Despite the success of this effort, panthers are still at great risk of extinction. Conserving the panther will require aggressive protections for remaining wild lands in south Florida as well as conservation efforts on private lands.
Another major conservation challenge for the panther is reestablishing the species in other portions of its historic range. Field studies have indicated an adequate prey base and appropriate habitat in some areas of northern Florida. While there is widespread popular support for panther reintroduction in Florida, some people are still concerned about introducing the cat to new areas, fearing the panther will bring with it restrictions on private property uses, potential damage to livestock and pets, and a possible threat to human safety. Such concerns often surround recovery efforts for large carnivores, but with proper assurances to address depredation claims and any potential “problem” animals, reintroduction projects could prove a positive step towards recovering the Florida panther.
What You Can Do To Save The Panther?
- Are you a Florida resident? Slow down when you’re driving and support panther conservation efforts by buying a Protect the Florida Panther license plate.
- Know what to do if you encounter a panther in the wild; i.e. make yourself appear larger, avoid crouching or bending over, do not run, give the panther an easy way to escape.
- Become informed by researching materials from credible sources which take a scientific approach. Don’t be an “Island of Knowledge”. Teach others what you have learned and correct myths about the Florida Panther that are repeated all too often. Visit and learn from websites such as www.floridapanther.org, www.fws.gov/floridapanther, and bigcatrescue.org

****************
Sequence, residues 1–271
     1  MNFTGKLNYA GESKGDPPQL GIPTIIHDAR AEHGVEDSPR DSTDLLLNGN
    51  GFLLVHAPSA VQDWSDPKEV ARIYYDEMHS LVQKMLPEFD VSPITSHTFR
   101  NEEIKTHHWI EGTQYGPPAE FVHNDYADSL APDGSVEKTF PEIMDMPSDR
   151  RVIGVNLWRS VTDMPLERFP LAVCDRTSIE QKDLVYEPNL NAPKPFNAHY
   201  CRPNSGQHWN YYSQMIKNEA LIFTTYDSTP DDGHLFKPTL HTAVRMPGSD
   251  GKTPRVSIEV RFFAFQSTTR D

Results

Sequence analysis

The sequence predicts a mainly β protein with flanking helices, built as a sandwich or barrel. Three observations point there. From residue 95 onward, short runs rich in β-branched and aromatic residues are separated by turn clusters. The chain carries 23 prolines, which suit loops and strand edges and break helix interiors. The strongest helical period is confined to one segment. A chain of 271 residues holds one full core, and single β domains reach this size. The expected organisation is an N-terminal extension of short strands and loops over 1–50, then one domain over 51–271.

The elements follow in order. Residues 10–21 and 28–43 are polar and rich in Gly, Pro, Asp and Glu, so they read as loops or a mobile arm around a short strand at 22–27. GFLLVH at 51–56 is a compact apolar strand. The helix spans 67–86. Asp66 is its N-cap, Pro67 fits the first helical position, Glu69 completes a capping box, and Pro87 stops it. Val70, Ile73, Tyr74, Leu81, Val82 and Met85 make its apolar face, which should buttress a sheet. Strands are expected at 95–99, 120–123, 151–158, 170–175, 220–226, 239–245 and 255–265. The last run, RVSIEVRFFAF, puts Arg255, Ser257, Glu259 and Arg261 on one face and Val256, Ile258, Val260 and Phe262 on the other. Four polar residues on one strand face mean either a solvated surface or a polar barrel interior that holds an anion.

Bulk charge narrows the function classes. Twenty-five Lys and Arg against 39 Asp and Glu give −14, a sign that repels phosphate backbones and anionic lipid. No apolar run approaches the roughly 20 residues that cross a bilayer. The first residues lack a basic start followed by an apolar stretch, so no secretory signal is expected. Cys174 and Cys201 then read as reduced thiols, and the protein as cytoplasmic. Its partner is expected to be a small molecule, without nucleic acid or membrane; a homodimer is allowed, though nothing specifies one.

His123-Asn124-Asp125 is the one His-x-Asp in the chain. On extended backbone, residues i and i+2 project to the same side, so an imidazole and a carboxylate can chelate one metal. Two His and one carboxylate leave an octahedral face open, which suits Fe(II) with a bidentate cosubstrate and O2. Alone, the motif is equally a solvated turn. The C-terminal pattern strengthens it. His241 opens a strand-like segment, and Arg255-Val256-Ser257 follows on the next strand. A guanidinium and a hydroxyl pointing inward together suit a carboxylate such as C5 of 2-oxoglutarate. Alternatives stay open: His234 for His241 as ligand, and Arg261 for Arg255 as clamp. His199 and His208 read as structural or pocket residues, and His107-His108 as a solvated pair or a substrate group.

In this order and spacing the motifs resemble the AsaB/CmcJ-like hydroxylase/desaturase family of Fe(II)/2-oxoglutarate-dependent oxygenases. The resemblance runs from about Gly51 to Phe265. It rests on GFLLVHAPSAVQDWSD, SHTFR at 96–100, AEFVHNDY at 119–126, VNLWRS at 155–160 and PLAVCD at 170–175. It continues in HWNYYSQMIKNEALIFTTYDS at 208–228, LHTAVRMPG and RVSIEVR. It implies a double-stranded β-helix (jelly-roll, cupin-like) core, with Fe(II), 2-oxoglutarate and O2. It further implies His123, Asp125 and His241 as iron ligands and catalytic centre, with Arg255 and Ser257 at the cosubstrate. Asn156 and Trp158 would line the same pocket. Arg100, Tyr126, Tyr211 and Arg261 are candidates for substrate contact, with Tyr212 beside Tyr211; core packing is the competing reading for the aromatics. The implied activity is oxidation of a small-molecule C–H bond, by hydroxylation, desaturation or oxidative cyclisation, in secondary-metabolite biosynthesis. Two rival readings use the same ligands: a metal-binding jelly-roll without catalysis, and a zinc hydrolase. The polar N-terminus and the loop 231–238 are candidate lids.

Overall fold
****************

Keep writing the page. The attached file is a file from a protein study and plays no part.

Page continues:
- Regularly express your support for the Florida panther by writing political figures and agency administrators.
- Help others become educated about the nature and habits of the panther and its value as an important part of the balance of nature.
- Support wilderness land acquisition and the public and private land management practices which emphasize biodiversity and balance.
- Don’t be silent, join in and support the environmental education process to raise the consciousness of the community. You can do this by individual effort and/or by joining with others in various ways to get the job done.
- Do a school project on the Florida panther.
- Make wildlife a family affair. Display panther bumper stickers. Visit national and state parks where the panther lives. Watch TV programs about endangered species.
- Attend public meetings on panther issues. The decisions that affect endangered species are made in these forums. Make sure your voice is heard.
- Learn more about the threats facing the Florida Panther and take action here.
- Speak out every chance you get. Awareness is half the battle. Tell everyone you can about the plight of the panther.
As with most conservation issues, the struggle of the panther goes beyond the question of whether it is worth saving this particular species. If our wilderness can’t support panthers, then many other less visible species also will perish. Let’s all do what we can to ensure that future generations will know this beautiful animal and the wilderness it symbolizes.
Note: Much of the information and research on this site is courtesy of both the Florida Panther Net (http://www.panther.state.fl.us/) and The Panther Society. Our deep felt thanks goes to them for their tireless efforts to ensure the panther’s survival by educating us all.